Cracking the Code of the Structured Jam

When I was a teenager learning to play guitar I was so psyched to learn cover songs. I had this amazing teacher, this long haired 20 something metal dude named Eric Todd. This guy could play. I’d go into the lessons with a song I was into that week. He’d listen to it on the Walkman (I know, I’m old) and deconstruct it. He’d show me the chords and the riffs.

For the next seven days I’d come home from school and sit in front of my crappy amp and play the song a thousand times until I got it right (while my mom screamed at me to turn it down). When I could play something that sounded remotely like Def Leppard, Tom Petty, Bowie, U2 or Billy Idol, I was in high heaven.

Throughout all of high school I played in cover bands. We rocked BBQs, drunken underaged house parties, basements of all shapes and sizes. Eventually I started writing originals. That was a whole other level of awesome. Crafting something that came from my self, from my center— was a new world of cool. And when I got the four track tape recorder and started making shitty recordings in the closet, that was a way to sculpt, finesse and capture the music.

But that all changed the day I met Mike Schmidt at college.

Mike was a stellar guitar player who could play circles around me. I swear, dude was somewhere between a guitar god and a world class stoner. Perfect combo.

I was superpsyched when he agreed to play with me. I still remember it. We set up in a little cinderblock room in the basement of the dorm. With florescent lights flickering overhead I asked him what he wanted to play. Maybe an old Joe Jackson rocker, or a little Rush, or perhaps he’d like to hop on Ozzy’s Crazy Train?

He looked as me and shook his head. “I just wanna jam.”

What the hell did that mean? We needed to play a song, something we both knew or could teach each other. I didn’t understand the concept of ‘the jam.’ I was young, naive. He instructed me to just play the bass. Anything. Just play.

I barely knew any music theory, scales or anything else, so I just played something. I’m sure it sortta sucked but Mike was a genius. He somehow wove music out of the mayhem. It was beautiful in a way I never knew before. It was free, open, fluid. Holy shit!

We started a band and began writing something I coined ‘structured jams.’ Instead of going totally freeform, we would have a few chord progressions, a verse or a chorus, and then we’d trip into free space. Then a nod would send us into a tight riff in the middle of the improv. Then back into the flow.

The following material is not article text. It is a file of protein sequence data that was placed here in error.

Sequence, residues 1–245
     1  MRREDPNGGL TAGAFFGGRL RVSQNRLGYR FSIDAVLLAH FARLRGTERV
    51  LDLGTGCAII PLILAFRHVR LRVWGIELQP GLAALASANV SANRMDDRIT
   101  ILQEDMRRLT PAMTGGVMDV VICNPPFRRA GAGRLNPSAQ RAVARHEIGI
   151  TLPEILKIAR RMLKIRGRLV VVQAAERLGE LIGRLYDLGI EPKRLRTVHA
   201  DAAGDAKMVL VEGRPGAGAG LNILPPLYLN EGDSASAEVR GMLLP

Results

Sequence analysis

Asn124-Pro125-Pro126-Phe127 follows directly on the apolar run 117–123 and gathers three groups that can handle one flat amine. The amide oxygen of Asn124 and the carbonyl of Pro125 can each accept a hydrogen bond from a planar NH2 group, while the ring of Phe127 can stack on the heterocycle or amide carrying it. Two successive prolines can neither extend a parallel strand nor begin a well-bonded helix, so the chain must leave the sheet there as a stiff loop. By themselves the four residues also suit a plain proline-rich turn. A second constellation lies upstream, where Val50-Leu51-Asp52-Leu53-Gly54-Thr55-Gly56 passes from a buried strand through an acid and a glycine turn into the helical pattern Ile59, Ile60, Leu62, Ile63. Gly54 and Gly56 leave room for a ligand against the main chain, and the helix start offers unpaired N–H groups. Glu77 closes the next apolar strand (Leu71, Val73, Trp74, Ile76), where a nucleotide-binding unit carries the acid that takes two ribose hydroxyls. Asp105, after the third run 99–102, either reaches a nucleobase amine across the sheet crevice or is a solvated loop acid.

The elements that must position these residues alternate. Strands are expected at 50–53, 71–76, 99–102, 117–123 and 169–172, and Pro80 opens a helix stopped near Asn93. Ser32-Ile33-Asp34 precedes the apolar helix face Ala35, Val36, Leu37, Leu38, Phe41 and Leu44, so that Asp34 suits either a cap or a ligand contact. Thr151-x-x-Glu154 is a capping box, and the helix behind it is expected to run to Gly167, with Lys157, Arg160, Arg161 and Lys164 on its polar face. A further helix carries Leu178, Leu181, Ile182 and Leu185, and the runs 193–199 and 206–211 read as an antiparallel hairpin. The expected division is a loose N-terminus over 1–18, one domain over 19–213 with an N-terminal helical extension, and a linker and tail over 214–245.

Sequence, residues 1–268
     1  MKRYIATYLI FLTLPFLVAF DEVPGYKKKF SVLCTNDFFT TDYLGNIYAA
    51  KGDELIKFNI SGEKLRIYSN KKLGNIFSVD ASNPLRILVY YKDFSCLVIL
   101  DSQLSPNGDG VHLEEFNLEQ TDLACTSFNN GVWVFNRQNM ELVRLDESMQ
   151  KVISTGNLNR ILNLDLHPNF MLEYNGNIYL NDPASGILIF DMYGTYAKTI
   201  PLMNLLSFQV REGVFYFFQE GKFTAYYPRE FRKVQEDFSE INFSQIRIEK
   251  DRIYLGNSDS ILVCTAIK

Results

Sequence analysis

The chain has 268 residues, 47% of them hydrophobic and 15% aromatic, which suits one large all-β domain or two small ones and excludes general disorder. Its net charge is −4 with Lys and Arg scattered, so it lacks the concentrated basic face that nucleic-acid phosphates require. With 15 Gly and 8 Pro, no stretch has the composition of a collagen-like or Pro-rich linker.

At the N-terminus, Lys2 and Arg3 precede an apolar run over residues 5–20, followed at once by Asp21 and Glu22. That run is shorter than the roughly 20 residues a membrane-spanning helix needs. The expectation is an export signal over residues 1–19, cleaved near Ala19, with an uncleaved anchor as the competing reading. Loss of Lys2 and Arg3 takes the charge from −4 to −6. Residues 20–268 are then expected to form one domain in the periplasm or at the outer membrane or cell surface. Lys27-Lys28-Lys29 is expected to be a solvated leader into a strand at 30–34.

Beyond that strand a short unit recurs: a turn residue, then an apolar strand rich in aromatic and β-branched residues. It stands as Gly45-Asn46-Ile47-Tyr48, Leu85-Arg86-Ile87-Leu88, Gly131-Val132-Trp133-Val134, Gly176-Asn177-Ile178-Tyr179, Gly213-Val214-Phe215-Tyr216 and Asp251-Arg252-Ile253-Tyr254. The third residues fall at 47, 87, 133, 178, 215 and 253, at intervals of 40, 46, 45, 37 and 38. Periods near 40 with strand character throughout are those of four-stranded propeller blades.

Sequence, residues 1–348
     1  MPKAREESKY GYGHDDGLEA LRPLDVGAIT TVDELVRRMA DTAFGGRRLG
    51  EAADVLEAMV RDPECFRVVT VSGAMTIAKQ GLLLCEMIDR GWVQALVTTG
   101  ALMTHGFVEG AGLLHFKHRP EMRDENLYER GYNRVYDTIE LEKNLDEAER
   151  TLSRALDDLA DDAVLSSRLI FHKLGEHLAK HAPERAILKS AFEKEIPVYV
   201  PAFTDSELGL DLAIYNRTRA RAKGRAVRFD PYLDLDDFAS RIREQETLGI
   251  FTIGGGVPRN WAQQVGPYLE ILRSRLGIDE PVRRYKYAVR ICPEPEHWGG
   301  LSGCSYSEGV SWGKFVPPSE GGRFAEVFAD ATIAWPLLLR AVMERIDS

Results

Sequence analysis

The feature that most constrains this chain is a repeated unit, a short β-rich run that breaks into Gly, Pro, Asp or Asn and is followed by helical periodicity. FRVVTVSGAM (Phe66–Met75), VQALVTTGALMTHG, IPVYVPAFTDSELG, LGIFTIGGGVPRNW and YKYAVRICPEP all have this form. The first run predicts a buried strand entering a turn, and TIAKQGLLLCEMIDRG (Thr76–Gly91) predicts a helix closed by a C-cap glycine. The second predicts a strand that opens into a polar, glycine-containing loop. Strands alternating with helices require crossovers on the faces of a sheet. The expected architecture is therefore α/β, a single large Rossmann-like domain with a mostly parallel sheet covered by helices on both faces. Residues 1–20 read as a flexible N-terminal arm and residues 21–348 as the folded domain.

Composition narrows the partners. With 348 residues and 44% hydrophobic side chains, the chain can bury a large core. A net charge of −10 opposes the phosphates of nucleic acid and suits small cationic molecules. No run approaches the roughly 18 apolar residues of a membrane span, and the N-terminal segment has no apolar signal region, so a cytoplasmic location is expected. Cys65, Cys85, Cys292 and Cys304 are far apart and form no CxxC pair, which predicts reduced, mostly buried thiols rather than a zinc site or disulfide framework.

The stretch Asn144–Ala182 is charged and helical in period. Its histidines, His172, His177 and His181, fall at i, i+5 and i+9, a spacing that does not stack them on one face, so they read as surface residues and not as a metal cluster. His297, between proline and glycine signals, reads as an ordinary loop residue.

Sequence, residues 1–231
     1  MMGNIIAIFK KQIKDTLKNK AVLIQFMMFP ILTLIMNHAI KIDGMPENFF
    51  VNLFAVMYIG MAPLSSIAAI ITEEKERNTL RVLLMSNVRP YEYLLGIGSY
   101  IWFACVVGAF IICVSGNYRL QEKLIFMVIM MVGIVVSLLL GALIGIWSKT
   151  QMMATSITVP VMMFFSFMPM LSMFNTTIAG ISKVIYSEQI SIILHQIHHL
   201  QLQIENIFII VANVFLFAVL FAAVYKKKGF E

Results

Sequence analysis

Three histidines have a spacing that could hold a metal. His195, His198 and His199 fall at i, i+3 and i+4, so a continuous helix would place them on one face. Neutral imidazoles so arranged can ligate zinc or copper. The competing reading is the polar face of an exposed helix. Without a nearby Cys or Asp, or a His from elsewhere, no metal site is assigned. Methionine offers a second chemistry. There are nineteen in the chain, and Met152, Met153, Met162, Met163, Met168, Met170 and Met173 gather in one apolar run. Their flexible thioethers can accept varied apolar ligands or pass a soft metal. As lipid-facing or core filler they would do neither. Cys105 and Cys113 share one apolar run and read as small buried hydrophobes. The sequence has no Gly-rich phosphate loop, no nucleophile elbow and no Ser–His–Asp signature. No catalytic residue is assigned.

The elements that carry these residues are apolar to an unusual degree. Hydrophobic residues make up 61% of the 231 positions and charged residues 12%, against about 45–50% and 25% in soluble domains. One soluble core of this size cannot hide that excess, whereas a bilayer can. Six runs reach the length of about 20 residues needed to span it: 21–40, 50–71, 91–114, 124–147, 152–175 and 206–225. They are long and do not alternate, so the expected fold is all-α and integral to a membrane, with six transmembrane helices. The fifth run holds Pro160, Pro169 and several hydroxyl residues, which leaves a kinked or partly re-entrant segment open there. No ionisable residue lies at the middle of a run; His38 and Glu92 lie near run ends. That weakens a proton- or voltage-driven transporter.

Oh. My. Goddess.

With this style of music we killed it at house parties, bars and college events. This songwriting format was the perfect combo between a freeform jam and a tightly wound song structure. So cool.

Why am I telling you this?

Because I didn’t realize it until many years later, but the structured jam is also a metaphor for a recipe for a good creative life.

If we plan every aspect of everything— our finances, our dreams, our goals —we will inevitably go off the rails at some point. Or many points. If we have no plan whatsoever and jam our way through, it’s quite possible that we’ll wander in so many different directions that we don’t end up getting anywhere.

But if we combine elements of structure, with elements of freeform, we can find the balance.

Maybe we have a part time stable job before we move to LA to sell the script. Or we can finance the album recording with our savings and won’t go broke if it doesn’t sell a million copies. Or we have some kind of education or job experience before we join the circus or tour the comedy clubs of America.

Of course, the balance is different for everyone. Some people are all-in with the circus. In fact, I photographed a pro hula hooper last summer who was definitely all in. Cool! Other people need the full time gig to pay the rent and feed the family before they can start jamming into the time, money and energy that it could take to pursue their creative dreams.

Finding the balance for yourself is key. When you do, you’ll light up with both the sense of security that you need, and the creative expanse that fires up your heart.


How do you find the balance? 


About the Author:

Jeff Leisawitz burns with a mission—to inspire writers, artists, musicians and random creative types to amp up their creativity, heal their hearts and shine in the world. Author. Award winning musician/ producer. Internationally distributed filmmaker. College prof. Photographer. Speaker. Consultant. Not F*ing Around—The No Bullsh*t Guide for Getting Your Creative Dreams Off the Ground is Jeff’s first book.


  1. Tamar January 20, 2019 at 2:18 am - Reply

    Liked the article a lot. I am somewhere in the middle of pursuing my dream. Very inspiring, thank you! <3

  2. Dale Sproule May 9, 2019 at 10:14 am - Reply

    Best writing advice I’ve heard in a long time. Hell, best painting, sculpting, and songwriting advice too!

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